Yes, this happened.
In 2001, when its NEAR Shoemaker space probe landed on asteroid 433 Eros, NASA received a $20 parking ticket from Gregory W. Nemitz, who had claimed ownership of the asteroid 11 months earlier.
Spoiler alert: Nemitz took this to court, where it was finally dismissed in 2005.
“Sally Ride” was inspired by Sally Kristen Ride (May 26, 1951 — July 23, 2012). Sally Kristen Ride joined NASA in 1978 and became the first American women to travel to space, at just 32 years of age. It should also be noted that she was in a same sex relationship for 27 years prior to her death and tried to keep her personal life as private as possible. (via genius.com)
Wow (click on the image for a larger image).
“a near-infrared, color mosaic from NASA’s Cassini spacecraft shows the sun glinting off of Titan’s north polar seas. While Cassini has captured, separately, views of the polar seas and the sun glinting off of them in the past, this is the first time both have been seen together in the same view.
The sunglint, also called a specular reflection, is the bright area near the 11 o’clock position at upper left. This mirror-like reflection, known as the specular point, is in the south of Titan’s largest sea, Kraken Mare, just north of an island archipelago separating two separate parts of the sea.”
For a better look, please go to this link.
“When NASA’s Juno spacecraft flew past Earth on Oct. 9, 2013, it received a boost in speed of more than 8,800 mph (about 7.3 kilometer per second), which set it on course for a July 4, 2016, rendezvous with Jupiter.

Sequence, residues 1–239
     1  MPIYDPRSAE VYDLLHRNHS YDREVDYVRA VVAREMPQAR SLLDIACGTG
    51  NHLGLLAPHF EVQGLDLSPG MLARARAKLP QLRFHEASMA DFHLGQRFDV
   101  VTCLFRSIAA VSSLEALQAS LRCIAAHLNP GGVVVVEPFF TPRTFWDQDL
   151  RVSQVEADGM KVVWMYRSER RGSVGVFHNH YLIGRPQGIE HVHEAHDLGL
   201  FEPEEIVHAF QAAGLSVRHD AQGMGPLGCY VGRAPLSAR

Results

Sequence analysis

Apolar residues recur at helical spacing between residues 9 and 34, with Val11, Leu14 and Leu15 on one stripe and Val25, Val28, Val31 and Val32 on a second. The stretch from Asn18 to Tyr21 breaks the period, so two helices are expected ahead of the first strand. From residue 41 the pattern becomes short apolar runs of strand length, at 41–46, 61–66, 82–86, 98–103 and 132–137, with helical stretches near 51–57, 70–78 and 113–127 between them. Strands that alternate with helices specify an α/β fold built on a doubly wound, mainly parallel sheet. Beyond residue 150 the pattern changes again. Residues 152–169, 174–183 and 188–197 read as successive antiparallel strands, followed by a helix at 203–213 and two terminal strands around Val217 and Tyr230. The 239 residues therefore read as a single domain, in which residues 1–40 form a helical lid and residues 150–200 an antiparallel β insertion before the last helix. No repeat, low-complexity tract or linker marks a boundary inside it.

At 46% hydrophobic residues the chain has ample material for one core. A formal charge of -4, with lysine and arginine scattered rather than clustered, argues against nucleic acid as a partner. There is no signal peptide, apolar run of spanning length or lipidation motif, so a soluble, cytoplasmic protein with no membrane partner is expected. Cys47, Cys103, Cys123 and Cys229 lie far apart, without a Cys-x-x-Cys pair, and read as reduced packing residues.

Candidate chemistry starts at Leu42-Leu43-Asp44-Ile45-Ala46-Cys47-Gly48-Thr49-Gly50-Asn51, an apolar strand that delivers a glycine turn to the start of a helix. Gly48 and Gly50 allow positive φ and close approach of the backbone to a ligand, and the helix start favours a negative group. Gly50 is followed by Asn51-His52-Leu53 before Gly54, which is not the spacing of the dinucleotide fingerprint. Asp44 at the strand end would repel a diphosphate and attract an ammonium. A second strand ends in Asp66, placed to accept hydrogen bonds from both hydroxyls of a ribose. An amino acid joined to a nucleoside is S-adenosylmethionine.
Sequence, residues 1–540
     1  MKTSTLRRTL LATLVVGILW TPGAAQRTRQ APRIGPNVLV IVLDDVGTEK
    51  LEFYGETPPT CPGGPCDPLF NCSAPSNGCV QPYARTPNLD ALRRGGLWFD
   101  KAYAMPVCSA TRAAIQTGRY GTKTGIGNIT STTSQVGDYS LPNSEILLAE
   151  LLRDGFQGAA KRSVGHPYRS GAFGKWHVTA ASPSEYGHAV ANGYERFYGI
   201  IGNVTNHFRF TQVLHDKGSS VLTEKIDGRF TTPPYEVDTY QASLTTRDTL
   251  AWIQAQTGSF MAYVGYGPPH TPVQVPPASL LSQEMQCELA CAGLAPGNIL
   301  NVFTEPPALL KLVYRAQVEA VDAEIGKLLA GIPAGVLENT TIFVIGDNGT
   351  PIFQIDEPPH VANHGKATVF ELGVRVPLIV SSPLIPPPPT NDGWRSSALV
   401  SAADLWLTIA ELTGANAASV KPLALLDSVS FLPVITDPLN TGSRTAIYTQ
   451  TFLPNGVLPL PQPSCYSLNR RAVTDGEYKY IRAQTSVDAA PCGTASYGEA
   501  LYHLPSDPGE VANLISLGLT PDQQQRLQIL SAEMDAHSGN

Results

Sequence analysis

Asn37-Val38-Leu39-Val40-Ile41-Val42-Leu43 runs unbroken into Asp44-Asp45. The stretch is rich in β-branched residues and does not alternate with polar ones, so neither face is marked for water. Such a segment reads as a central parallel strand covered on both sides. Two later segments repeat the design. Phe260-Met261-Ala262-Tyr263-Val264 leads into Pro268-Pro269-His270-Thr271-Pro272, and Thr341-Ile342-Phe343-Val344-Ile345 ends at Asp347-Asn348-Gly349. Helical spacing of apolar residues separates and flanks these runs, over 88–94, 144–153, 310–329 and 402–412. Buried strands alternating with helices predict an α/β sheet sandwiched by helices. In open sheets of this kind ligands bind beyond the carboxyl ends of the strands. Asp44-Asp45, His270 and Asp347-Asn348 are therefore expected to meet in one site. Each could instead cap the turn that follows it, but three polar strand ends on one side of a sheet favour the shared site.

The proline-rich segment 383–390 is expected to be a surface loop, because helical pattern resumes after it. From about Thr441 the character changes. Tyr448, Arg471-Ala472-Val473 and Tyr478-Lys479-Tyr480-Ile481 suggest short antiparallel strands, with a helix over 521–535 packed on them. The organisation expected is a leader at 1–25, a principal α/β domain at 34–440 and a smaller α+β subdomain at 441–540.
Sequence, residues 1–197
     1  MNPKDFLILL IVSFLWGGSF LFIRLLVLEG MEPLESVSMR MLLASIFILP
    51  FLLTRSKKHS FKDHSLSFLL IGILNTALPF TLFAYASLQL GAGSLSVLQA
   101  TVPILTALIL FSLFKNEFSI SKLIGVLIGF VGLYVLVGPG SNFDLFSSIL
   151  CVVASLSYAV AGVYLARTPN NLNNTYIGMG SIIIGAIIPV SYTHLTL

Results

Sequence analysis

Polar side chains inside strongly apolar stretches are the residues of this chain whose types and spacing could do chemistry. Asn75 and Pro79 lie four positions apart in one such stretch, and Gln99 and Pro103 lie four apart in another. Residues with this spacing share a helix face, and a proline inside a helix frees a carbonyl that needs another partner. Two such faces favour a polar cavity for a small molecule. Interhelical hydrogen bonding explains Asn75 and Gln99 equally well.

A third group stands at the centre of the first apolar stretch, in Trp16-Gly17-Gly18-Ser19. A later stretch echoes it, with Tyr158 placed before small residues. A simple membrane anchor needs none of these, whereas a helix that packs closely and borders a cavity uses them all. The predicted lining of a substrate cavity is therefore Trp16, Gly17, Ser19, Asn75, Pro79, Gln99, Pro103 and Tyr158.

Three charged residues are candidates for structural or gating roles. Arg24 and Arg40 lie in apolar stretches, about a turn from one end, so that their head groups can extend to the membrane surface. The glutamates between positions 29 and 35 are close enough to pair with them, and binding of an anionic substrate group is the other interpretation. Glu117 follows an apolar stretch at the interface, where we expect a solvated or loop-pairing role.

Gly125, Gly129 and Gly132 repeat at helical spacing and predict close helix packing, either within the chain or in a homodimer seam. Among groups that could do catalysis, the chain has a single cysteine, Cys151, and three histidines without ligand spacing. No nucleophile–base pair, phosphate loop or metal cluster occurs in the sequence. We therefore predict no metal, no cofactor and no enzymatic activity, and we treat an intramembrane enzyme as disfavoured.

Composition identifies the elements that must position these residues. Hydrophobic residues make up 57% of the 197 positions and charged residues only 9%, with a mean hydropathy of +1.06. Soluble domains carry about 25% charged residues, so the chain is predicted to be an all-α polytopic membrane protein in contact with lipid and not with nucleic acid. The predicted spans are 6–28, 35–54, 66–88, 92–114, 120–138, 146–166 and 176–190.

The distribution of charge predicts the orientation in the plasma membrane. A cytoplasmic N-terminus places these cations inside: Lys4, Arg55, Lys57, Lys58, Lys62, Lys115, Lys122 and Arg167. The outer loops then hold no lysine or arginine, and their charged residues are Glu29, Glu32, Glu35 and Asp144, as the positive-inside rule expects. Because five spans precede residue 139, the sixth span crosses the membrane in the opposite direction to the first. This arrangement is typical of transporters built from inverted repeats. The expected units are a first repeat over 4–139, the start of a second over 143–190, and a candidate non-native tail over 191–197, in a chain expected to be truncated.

One of Juno’s sensors, a special kind of camera optimized to track faint stars, also had a unique view of the Earth-moon system. The result was an intriguing, low-resolution glimpse of what our world would look like to a visitor from afar.
The cameras that took the images for the movie are located near the pointed tip of one of the spacecraft’s three solar-array arms. They are part of Juno’s Magnetic Field Investigation (MAG) and are normally used to determine the orientation of the magnetic sensors. These cameras look away from the sunlit side of the solar array, so as the spacecraft approached, the system’s four cameras pointed toward Earth. Earth and the moon came into view when Juno was about 600,000 miles (966,000 kilometers) away — about three times the Earth-moon separation.
During the flyby, timing was everything. Juno was traveling about twice as fast as a typical satellite, and the spacecraft itself was spinning at 2 rpm. To assemble a movie that wouldn’t make viewers dizzy, the star tracker had to capture a frame each time the camera was facing Earth at exactly the right instant. The frames were sent to Earth, where they were processed into video format. ”
Video and text via NASA Jet Propulsion Laboratory.
Found at Futility Closet and noted here for tagged archive.
In February 1962 John Glenn circled Earth three times on Friendship 7.
When he landed, he received a card from the International Flat Earth Research Society.
It said, “OK wise guy.”